What do you do when you inherit a mess? Where do you start? How do you move forward? Part of one woman’s solution, Heather Parker, was to become an estate planning attorney to help others avoid the same mess she experienced in her family.
Most of us can’t choose that response but let’s take a look at her three pieces of advice, encourage you to think about your situation, and share some resources/experiences to help each other.
Before doing anything else, knowing exactly what there is and how it is owned/titled is crucial in an inheritance situation. “Before even delving into the details of a will/trust, understanding exactly how a title is held (i.e., with right of survivorship, etc.) will dictate what happens to that asset when one person dies,” according to Heather.
If the asset is owned by a single person, does it have a beneficiary designation (Payable on Death POD, Transfer on Death TOD, or named beneficiary like on an IRA)? What if there is no named beneficiary or that beneficiary is already deceased?
Heather knows from experience that the probate court may need to get involved. Whether the asset has been titled in a trust or not can determine how it is handled, and whether a probate case will be necessary.
It is extremely important to be sure you have all of the asset information organized in one place, for your sake and for anyone who is helping you. Compiling a comprehensive list of the inherited estate, often called a net worth statement, can help provide a big picture of the situation as well as begin to organize a “plan of attack” for dealing with everything.
One format example, that lists account numbers, titles, beneficiaries, and dollar values by asset category all in one worksheet, can be found at Mind Money Motion.
I witnessed a successor trustee, a nephew who agreed to serve in that role for his aunt, fly across the country numerous times (he lived on the East Coast but his deceased aunt had lived on the West Coast) because he ran out of time on most trips to drive to various local banks with death certificates only to arrive and find out she no longer had accounts open at that particular bank.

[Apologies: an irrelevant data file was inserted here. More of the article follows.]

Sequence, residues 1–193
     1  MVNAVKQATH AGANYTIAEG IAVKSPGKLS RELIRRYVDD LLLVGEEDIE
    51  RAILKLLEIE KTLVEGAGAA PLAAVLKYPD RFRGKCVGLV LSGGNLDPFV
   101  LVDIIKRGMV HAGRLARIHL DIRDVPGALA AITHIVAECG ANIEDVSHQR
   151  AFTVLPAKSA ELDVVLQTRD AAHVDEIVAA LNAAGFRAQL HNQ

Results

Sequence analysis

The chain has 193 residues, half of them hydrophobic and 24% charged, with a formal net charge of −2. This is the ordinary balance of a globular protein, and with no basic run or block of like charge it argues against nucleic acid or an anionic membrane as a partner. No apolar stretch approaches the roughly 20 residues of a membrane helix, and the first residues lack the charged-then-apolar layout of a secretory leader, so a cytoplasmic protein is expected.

There was no current list of assets, only random old statements of various accounts, which made the organization and distribution process much longer and more frustrating than needed.
Most often, estate settling and distribution is NOT best accomplished as a DIY process. Estate planning attorneys can tell you how they have seen too many times where families have tried to prepare and settle an inheritance on their own because they felt their situation was really “simple.”
According to Heather, the translation is that families want the result to be simple, but that means addressing and dealing with all of the “what-ifs” in advance, which is rarely done without an estate planning attorney involved.
Heather gives some common examples. “For instance, passing everything to children, equally, seems simple enough, but what if, at the time of my passing, one of my children is in the middle of a divorce, or is being sued after a car accident (happens every day)? The way I structured the distribution to my children can be the difference between my child receiving everything I wanted for them, my soon-to-be ex-son or daughter-in-law, or some creditor, getting half or more! Or what if my child is receiving disability when I pass? An inheritance could disqualify them from benefits, unless it is structured correctly in an estate plan, and within a trust to protect against this exact situation.”